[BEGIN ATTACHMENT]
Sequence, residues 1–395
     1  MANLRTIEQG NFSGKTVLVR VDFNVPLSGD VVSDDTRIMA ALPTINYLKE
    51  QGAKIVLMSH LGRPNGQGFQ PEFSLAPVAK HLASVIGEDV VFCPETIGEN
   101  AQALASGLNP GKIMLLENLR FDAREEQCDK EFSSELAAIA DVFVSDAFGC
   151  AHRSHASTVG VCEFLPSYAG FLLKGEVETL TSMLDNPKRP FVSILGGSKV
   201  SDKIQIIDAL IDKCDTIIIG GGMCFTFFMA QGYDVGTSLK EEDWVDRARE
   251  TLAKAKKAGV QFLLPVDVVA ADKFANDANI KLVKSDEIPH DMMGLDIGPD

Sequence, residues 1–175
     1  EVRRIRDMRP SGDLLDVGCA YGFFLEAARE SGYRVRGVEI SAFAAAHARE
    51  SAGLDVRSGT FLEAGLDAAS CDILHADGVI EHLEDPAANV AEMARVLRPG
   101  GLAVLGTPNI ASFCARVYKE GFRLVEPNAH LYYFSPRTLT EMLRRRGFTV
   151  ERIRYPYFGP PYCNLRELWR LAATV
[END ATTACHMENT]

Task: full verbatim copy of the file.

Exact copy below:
Sequence, residues 1–395
     1  MANLRTIEQG NFSGKTVLVR VDFNVPLSGD VVSDDTRIMA ALPTINYLKE
    51  QGAKIVLMSH LGRPNGQGFQ PEFSLAPVAK HLASVIGEDV VFCPETIGEN
   101  AQALASGLNP GKIMLLENLR FDAREEQCDK EFSSELAAIA DVFVSDAFGC
   151  AHRSHASTVG VCEFLPSYAG FLLKGEVETL TSMLDNPKRP FVSILGGSKV
   201  SDKIQIIDAL IDKCDTIIIG GGMCFTFFMA QGYDVGTSLK EEDWVDRARE
   251  TLAKAKKAGV QFLLPVDVVA ADKFANDANI KLVKSDEIPH DMMGLDIGPD

Sequence, residues 1–175
     1  EVRRIRDMRP SGDLLDVGCA YGFFLEAARE SGYRVRGVEI SAFAAAHARE
    51  SAGLDVRSGT FLEAGLDAAS CDILHADGVI EHLEDPAANV AEMARVLRPG
   101  GLAVLGTPNI ASFCARVYKE GFRLVEPNAH LYYFSPRTLT EMLRRRGFTV
   151  ERIRYPYFGP PYCNLRELWR LAATV